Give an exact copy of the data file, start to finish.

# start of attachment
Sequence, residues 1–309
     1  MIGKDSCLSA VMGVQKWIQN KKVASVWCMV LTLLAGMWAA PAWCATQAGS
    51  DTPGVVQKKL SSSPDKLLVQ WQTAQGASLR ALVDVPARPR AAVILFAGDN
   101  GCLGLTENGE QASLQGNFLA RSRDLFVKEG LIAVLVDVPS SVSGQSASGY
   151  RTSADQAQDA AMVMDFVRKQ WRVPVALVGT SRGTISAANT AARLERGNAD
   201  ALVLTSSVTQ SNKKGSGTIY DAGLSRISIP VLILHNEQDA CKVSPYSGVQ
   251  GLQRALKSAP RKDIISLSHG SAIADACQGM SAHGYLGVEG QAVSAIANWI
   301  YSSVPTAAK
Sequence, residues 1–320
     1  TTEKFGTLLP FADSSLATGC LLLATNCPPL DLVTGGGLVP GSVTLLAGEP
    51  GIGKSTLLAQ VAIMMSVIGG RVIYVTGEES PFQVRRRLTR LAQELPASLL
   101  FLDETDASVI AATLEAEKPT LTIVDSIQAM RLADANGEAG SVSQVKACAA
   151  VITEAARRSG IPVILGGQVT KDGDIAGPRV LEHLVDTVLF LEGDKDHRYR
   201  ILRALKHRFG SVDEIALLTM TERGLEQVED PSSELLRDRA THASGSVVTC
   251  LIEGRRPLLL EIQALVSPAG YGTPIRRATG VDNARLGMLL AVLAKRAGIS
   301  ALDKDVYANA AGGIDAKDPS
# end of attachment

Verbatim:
Sequence, residues 1–309
     1  MIGKDSCLSA VMGVQKWIQN KKVASVWCMV LTLLAGMWAA PAWCATQAGS
    51  DTPGVVQKKL SSSPDKLLVQ WQTAQGASLR ALVDVPARPR AAVILFAGDN
   101  GCLGLTENGE QASLQGNFLA RSRDLFVKEG LIAVLVDVPS SVSGQSASGY
   151  RTSADQAQDA AMVMDFVRKQ WRVPVALVGT SRGTISAANT AARLERGNAD
   201  ALVLTSSVTQ SNKKGSGTIY DAGLSRISIP VLILHNEQDA CKVSPYSGVQ
   251  GLQRALKSAP RKDIISLSHG SAIADACQGM SAHGYLGVEG QAVSAIANWI
   301  YSSVPTAAK
Sequence, residues 1–320
     1  TTEKFGTLLP FADSSLATGC LLLATNCPPL DLVTGGGLVP GSVTLLAGEP
    51  GIGKSTLLAQ VAIMMSVIGG RVIYVTGEES PFQVRRRLTR LAQELPASLL
   101  FLDETDASVI AATLEAEKPT LTIVDSIQAM RLADANGEAG SVSQVKACAA
   151  VITEAARRSG IPVILGGQVT KDGDIAGPRV LEHLVDTVLF LEGDKDHRYR
   201  ILRALKHRFG SVDEIALLTM TERGLEQVED PSSELLRDRA THASGSVVTC
   251  LIEGRRPLLL EIQALVSPAG YGTPIRRATG VDNARLGMLL AVLAKRAGIS
   301  ALDKDVYANA AGGIDAKDPS